Three officials of the United States Embassy in Nigeria, of Friday, interacted with Nigerians from different parts of the country for an hour and three minutes. They spoke on what applicants should do or avoid when processing the US visa.
The live show was not a television programme. Recognising the growing influence of digital media, the visa officers took to Google Hangouts to provide answers to questions bordering applicants while busting various myths around visa processing.
The officers said they took to Google Hangouts to help applicants relate with the embassy directly instead of patronising touts and agents.
The session, which was moderated by Oluwaseun Olaniyan, an on air personality, gave the US embassy officials an opportunity to explain the differences between the immigrant and non-immigrant visas, tricks in the application process and likely pitfalls that applicants should avoid.
The visa officers also explained the rationale behind some common questions and how responses increase or reduce applicants’ chances of getting a visa. For instance, they spoke on why social and economic ties had become an important question during an interview.
In the course of the interactive session, viewers were given an opportunity to ask personal or general questions. All that was required was a click on a keyboard.
Few days before the Google Hangouts, the embassy sent a press statement, inviting interested individuals to hook on to the event. It also gave an hashtag – #AskTheVOs – through which questions would be received.
Indeed, participants bought into the show, sending questions bordering on income range that could be considered satisfactory for anybody to be given a visa.
But the officers said that the important thing, in the case of non-immigrant applicants, was applicants’ ability to prove that they had economic ties with their countries of residence. They noted that those who satisfied all conditions were never refused.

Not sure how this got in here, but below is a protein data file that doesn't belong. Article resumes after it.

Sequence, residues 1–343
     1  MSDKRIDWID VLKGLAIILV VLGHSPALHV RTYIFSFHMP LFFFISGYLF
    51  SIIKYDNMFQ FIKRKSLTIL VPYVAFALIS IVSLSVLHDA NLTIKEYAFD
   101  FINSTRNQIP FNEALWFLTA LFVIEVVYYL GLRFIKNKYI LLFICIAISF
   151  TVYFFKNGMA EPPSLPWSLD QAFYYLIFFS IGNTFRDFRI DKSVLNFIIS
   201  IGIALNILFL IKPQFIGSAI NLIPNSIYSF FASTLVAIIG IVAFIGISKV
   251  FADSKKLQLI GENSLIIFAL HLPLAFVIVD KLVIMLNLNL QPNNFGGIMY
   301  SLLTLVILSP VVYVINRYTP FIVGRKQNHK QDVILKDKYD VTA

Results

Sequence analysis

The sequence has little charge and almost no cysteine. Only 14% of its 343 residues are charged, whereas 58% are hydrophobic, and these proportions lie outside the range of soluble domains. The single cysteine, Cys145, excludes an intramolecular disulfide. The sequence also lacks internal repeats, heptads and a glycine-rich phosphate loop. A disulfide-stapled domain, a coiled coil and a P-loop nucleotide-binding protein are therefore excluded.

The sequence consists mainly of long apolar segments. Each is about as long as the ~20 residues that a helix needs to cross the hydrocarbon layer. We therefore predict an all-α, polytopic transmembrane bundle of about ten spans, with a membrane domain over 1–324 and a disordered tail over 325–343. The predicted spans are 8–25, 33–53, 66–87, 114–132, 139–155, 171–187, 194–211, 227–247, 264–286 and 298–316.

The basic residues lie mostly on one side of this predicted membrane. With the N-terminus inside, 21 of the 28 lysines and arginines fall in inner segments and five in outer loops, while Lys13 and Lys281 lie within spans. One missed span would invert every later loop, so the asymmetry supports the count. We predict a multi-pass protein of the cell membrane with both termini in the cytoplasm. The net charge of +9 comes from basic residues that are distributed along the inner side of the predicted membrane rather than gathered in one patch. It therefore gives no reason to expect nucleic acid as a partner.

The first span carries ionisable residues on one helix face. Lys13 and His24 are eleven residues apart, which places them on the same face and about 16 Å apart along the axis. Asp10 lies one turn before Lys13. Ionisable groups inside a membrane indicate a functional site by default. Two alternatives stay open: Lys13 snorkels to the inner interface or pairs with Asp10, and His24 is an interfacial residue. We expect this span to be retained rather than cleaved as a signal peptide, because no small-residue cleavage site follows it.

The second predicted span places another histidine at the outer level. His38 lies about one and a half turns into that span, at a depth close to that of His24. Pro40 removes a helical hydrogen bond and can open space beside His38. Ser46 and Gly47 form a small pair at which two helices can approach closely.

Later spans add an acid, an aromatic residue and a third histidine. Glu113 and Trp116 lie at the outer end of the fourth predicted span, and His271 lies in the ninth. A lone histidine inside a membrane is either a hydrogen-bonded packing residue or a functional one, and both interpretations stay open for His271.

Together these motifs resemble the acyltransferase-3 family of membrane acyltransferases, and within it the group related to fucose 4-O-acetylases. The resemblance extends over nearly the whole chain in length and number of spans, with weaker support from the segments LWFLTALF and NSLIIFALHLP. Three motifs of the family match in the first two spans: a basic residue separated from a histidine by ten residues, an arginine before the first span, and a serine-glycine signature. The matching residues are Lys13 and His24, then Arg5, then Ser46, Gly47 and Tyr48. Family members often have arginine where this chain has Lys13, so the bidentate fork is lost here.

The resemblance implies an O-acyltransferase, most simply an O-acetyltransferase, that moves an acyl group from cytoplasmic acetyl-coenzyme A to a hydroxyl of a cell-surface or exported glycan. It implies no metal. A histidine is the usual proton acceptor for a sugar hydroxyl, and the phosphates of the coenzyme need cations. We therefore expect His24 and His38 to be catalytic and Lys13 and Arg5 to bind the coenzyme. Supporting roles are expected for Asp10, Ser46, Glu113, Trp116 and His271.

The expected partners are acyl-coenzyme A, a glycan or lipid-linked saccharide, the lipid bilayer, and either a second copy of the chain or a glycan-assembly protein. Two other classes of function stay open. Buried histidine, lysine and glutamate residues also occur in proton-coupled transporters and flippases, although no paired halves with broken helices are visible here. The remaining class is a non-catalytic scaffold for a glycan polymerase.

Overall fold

“Ties are essentially the various aspects of your life that bind you to your country of residence: your possessions and family relationships. Visa officers pay a particular attention to ties as they have to do with an applicant’s home country or country from which they are applying,” they said.
The officers advised visa seekers against relying on agents to fill application forms, adding that visa agents were only motivated by the financial rewards instead of helping their clients to secure visas.
“We strongly discourage the use of touts and agents at any point in the visa process. These agents often give applicants false information. Ultimately, touts and companies are primarily interested in making money not getting you a visa. They do applicants a disservice.
“Touts and agents are part of the reason the consulate reaches out to the Nigerian public through events like this Google Hangouts. We strongly recommend that people apply for a visa and go through the entire process on their own,” they said.
According to the officers, visa process could be carried out by applicants without any assistance. The embassy’s website, they noted, was a sufficient guide for even a first-time applicant.
“Application for a U.S. visa is simple and straightforward. Every piece of information you need can be found on our website,” they noted.
One of the issues they emphasised during the session was that getting a visa does not guarantee an entry into a foreign country but only allows the holder to present himself at a port of entry. They described the visa as “an endorsement issued by a government.”
At the end of the Google Hangouts, the embassy’s representatives said members of the public whose questions were not addressed, could relate with them through #AsktheVOs.
But some of the participants said U.S. visa process was not as simple as the officers made Nigerians to believe, asking why hundreds of applicants were still disqualified daily if it were that simple.
For instance, tweeting on @Davidbeloveth, David Arogundade said, “Some questions are not thoroughly dealt with because I don’t think it is that simple.”